http://www.supremecourt.ne.gov/appeals-court/call-coa.shtml?sub2 (last visited Dec. 17, 2008).) Petitioner did not raise his Habeas Claims in the pending appeal, or in his previous appeals. Although Plaintiff argues that he will be procedurally barred from doing so in a post-conviction action (Filing No. 20 at CM/ECF p. 20), such a determination has not yet been made in the state courts. In short, Petitioner has not exhausted his claims3. IT IS THEREFORE ORDERED that: 1. Respondent's Motion for Summary Judgment (Filing No. 12) is granted, and Petitioner's claims are dismissed without prejudice; A separate judgment will be entered in accordance with this Memorandum and Order; and Plaintiff's Motion to Expedite (Filing No. 21) is denied as moot.
DATED this 18th day of December, 2008. BY THE COURT:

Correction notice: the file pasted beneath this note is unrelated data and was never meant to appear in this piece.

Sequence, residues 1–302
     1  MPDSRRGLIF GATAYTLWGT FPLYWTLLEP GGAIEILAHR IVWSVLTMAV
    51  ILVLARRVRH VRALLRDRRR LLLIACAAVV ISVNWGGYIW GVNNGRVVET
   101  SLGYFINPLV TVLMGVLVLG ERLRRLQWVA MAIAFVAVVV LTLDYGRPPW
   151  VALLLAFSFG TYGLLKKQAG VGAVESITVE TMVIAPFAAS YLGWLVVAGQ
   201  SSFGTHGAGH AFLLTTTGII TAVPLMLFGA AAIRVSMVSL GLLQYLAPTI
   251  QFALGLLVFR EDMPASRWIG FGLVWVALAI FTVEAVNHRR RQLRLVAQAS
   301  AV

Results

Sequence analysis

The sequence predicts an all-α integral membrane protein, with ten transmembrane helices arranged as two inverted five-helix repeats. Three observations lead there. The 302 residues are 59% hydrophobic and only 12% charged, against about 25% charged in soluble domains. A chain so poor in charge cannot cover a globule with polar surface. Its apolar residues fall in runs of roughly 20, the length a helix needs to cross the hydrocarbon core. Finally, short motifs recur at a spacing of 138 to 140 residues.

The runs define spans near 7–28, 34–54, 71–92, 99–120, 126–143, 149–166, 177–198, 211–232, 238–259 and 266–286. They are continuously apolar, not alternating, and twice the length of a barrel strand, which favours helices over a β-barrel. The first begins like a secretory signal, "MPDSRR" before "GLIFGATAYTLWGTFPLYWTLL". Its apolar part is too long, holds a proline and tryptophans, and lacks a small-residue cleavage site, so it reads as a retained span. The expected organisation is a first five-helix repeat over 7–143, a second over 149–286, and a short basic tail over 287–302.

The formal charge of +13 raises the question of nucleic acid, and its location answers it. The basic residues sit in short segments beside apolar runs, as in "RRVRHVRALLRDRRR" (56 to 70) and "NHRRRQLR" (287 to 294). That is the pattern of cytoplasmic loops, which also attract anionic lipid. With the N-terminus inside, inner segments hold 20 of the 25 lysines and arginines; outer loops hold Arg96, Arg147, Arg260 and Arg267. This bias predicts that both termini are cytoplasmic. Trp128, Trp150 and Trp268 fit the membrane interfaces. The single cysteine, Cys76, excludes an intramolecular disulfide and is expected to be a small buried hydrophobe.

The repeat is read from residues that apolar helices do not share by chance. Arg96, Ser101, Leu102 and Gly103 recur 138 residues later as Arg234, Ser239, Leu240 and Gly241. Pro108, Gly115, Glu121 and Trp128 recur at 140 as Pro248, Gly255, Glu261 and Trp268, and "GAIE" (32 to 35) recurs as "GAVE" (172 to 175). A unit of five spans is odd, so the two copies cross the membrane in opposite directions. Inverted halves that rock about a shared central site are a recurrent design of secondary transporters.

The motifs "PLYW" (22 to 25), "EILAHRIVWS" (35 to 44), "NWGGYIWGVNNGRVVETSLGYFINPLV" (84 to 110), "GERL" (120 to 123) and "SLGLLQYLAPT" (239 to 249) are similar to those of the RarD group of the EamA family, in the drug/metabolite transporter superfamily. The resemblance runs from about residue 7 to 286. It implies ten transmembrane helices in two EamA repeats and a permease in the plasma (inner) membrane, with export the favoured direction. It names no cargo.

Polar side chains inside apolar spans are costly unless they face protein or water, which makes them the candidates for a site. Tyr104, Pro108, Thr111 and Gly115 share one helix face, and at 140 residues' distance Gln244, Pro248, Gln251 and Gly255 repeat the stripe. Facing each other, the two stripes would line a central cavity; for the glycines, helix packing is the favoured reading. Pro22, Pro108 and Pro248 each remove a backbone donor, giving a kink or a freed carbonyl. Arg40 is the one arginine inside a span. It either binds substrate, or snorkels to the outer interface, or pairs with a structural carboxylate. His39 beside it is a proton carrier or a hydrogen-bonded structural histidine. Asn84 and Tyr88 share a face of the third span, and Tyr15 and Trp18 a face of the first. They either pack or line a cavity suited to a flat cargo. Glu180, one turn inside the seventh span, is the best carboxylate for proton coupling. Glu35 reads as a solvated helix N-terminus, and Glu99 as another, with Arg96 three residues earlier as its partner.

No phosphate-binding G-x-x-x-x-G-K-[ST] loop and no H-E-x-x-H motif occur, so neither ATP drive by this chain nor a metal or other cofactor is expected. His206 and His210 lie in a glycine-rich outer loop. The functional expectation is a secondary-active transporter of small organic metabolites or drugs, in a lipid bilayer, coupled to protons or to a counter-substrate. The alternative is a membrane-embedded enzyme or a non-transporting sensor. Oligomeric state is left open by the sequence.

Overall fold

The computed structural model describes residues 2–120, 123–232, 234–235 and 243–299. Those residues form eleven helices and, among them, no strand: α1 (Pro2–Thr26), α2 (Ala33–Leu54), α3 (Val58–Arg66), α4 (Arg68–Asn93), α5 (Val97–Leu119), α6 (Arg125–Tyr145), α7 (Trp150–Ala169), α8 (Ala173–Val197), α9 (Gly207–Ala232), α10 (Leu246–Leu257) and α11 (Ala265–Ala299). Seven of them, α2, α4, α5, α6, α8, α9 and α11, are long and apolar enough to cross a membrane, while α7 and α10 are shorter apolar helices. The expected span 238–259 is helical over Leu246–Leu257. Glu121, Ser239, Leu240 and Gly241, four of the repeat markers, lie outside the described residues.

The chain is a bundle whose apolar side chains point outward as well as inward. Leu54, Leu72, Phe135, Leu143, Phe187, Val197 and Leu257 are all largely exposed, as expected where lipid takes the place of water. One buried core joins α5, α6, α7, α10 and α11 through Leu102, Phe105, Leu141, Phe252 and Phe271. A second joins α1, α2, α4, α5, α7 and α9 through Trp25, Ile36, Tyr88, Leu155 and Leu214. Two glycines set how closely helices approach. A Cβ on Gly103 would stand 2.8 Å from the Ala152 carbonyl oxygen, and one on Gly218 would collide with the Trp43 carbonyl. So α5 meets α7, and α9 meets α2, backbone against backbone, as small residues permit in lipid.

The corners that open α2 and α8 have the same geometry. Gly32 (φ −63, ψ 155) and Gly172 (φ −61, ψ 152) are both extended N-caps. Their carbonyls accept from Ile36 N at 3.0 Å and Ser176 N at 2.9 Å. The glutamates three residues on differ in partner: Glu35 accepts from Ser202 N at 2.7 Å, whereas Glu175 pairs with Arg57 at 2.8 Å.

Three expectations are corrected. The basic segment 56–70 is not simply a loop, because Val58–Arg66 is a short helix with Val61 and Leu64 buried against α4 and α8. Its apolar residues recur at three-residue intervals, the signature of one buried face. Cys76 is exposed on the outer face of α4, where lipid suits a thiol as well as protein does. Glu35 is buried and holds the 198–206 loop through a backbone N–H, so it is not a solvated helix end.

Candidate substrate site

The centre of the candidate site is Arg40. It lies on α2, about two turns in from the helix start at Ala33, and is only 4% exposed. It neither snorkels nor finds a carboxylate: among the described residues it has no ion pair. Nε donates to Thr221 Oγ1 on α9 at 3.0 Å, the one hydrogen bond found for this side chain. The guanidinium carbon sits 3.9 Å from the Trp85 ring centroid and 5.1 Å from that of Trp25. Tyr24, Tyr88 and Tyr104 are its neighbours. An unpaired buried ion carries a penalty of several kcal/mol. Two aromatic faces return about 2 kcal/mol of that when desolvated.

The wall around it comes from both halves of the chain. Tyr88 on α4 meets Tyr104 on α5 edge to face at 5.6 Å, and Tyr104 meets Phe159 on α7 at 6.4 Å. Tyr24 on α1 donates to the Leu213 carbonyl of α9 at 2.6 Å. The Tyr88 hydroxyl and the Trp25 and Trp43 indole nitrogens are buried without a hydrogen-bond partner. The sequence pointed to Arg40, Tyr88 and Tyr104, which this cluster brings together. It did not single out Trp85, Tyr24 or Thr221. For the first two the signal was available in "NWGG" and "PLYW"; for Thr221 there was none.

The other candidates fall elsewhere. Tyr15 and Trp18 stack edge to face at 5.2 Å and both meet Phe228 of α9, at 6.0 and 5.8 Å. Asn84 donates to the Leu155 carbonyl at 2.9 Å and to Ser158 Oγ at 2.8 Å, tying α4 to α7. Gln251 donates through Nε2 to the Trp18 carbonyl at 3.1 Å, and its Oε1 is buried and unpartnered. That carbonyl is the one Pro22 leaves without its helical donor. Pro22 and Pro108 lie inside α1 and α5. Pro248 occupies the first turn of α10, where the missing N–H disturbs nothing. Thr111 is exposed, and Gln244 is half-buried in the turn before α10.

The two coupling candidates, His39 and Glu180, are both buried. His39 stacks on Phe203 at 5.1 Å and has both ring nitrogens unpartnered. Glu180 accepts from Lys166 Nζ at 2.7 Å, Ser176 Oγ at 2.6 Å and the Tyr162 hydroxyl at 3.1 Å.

s/Laurie Smith Camp United States District Judge
To be clear, the Petition is dismissed because the claims are premature, or "unripe." The court makes no finding on the merits of the Petition and a subsequent petition raising these claims should not be considered "successive" based on this Memorandum and Order. See Stewart v. Martinez- Villareal, 523 U.S. 637, 644 (1998) (holding that habeas corpus claims are successive only if they were previously decided on the merits and stating that "none of our cases expounding this doctrine have ever suggested that a prisoner whose habeas petition was dismissed for failure to exhaust state remedies, and who then did exhaust those remedies and returned to federal court, was by such action filing a successive petition"); Singleton v. Norris, 319 F.3d 1018, 1023 (8th Cir. 2003) (noting that "[a] claim raised in a prior petition that was dismissed as unripe" is not considered successive); 4